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Old 11-01-2009, 01:42 AM
 
Location: Hawaii-Puna District
3,585 posts, read 5,582,592 times
Reputation: 2124
Quote:
Originally Posted by ainakeeper View Post
AFISHWITH-ABITE:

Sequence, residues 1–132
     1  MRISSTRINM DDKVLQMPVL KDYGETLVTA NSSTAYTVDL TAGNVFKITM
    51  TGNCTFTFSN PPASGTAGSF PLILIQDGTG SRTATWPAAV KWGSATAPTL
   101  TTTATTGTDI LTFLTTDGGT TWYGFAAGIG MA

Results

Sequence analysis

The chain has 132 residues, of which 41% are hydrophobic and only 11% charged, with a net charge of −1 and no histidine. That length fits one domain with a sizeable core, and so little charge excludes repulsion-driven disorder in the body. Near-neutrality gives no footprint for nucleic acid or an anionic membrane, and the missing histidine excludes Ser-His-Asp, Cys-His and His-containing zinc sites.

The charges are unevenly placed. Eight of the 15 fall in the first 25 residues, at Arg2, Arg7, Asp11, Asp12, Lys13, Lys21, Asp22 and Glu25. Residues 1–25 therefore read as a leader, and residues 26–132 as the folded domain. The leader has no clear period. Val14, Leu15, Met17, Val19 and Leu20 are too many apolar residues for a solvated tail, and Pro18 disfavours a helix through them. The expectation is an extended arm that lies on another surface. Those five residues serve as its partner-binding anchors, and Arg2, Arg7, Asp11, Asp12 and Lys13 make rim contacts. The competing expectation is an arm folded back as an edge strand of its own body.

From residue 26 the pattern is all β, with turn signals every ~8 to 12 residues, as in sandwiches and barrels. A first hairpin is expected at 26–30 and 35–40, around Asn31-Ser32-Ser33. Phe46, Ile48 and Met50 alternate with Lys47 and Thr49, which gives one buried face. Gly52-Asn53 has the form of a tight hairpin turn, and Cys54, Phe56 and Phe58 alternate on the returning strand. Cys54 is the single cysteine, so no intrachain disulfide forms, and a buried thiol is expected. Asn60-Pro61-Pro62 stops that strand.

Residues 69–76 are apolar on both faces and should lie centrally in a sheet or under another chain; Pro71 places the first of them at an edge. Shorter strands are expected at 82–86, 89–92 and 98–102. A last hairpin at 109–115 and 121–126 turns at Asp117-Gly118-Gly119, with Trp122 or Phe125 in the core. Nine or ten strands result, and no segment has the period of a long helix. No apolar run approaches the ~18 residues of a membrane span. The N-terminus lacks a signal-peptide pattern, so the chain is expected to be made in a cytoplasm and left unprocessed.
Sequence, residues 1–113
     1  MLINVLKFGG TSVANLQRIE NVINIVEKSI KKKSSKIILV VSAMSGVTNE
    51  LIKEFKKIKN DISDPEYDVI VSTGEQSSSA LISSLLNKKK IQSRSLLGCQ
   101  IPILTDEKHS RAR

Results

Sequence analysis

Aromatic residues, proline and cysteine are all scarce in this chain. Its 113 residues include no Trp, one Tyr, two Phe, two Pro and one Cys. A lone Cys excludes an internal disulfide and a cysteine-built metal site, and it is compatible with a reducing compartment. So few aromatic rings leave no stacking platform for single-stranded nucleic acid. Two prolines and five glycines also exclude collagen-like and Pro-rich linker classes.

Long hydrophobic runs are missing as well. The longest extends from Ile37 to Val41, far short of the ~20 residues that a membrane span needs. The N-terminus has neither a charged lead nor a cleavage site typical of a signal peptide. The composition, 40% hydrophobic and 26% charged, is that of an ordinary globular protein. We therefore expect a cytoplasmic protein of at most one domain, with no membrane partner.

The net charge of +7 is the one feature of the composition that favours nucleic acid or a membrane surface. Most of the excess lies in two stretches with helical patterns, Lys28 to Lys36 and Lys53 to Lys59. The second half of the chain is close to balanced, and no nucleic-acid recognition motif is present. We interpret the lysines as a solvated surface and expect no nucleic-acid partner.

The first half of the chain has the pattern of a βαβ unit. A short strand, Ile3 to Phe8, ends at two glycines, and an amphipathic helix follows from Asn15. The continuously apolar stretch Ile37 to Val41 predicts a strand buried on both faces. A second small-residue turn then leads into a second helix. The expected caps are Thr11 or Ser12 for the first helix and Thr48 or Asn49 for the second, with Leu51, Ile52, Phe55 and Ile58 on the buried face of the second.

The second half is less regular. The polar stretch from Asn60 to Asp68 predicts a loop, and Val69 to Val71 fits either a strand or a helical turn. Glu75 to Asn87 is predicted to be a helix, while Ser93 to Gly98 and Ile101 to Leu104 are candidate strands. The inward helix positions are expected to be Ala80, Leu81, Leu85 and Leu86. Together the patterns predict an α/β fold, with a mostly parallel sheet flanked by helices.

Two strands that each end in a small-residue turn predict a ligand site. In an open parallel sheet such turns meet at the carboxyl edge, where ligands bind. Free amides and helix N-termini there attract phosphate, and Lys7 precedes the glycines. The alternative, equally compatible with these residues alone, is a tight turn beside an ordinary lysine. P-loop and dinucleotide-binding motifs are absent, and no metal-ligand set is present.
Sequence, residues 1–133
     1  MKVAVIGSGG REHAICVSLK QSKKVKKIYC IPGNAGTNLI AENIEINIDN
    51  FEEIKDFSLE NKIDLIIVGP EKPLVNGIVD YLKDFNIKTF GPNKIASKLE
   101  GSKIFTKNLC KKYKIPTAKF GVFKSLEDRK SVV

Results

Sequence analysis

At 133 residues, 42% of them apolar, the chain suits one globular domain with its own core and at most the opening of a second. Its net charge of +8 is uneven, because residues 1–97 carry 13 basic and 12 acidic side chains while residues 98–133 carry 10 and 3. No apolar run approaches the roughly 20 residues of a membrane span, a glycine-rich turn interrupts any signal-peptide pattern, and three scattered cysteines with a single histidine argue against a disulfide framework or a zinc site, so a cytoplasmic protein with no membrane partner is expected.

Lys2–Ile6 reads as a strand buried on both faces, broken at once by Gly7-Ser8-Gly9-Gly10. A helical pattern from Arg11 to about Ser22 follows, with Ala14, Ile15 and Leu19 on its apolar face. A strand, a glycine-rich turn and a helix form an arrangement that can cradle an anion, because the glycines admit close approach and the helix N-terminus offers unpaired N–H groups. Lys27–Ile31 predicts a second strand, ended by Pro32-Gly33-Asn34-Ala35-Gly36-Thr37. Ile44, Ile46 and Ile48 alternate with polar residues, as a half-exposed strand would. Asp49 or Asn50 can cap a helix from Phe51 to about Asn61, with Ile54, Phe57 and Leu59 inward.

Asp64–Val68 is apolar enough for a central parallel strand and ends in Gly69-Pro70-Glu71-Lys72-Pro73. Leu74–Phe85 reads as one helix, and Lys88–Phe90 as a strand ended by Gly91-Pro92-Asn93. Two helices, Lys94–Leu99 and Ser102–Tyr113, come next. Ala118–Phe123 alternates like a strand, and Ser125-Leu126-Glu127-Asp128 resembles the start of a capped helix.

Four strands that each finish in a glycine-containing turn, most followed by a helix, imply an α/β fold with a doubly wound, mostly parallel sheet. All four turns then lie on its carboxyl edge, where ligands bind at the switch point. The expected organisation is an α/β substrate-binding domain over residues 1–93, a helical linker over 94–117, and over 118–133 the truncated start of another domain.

If you aren't able to see the superfluity of IDEA at work in many of its applications, then I have little more I can offer you in the way of persuasion. Yet, I will try. And no, I have nothing against the parents or the professionals and paraprofessionals (I being one) who are receiving compensation for the services they are rendering. The economics are simply irrational: $182K - $200K/child/year. Yes, these kids need help to reach their full potential; but current resources are not being disseminated with any degree of economic efficiency or common sense based on realistic assessments of what those potentials are. Just think... if a generous portion of this same money was to subsidize children "at risk" from poverty or domestic violence, for instance, the potential for them to reach self-sustainability (demonstrated by fulfilling personal responsibilities such as paying rent/mortgage, raising a family, refraining from criminal activity, and contributing to the social welfare) would substantially improve. And who would be the better for it? All of us!!! People with severe developmental disabilities indeed need a voice, but NOT any more than any other vulnerable population, and NOT at the expense of other vulnerable populations. So yes, you heard me correctly. These two kids, and the tens of thousands across the nation much like them (with severe MR diagnoses), are receiving a grossly disproportionate amount of our tax dollars and should not... I repeat, should not be receiving the superfluous volume of service provision they are currently receiving. The panoply of simultaneous servicing per consumer is simply not realistic or proportionate to outcomes. I doubt very seriously that if citizens across this country were to ever be made aware of this, that a majority would continue to endorse such fiscal imbalance and irresponsibility. Having said this, I will continue my loyal tenure of 20+ years in the profession of assisting all vulnerable populations through the various agencies receiving government funding for service provision... until such services are modified or no longer needed. Why? Because this is what I'm trained to do, credentialed to do, and I'm quite good at it (in all modesty). If you were a client of mine, you'd feel like a success long before I presented you with your first challenge. That's my job in a nutshell. It's very rewarding. I highly recommend it to anyone who is not out to get monetarily rich, because you certainly won't. Yet, who better than those like me could possibly see from vantage points of accuracy the improprieties within the human services industry? It is my civic duty to divulge them, even if they cost me my job.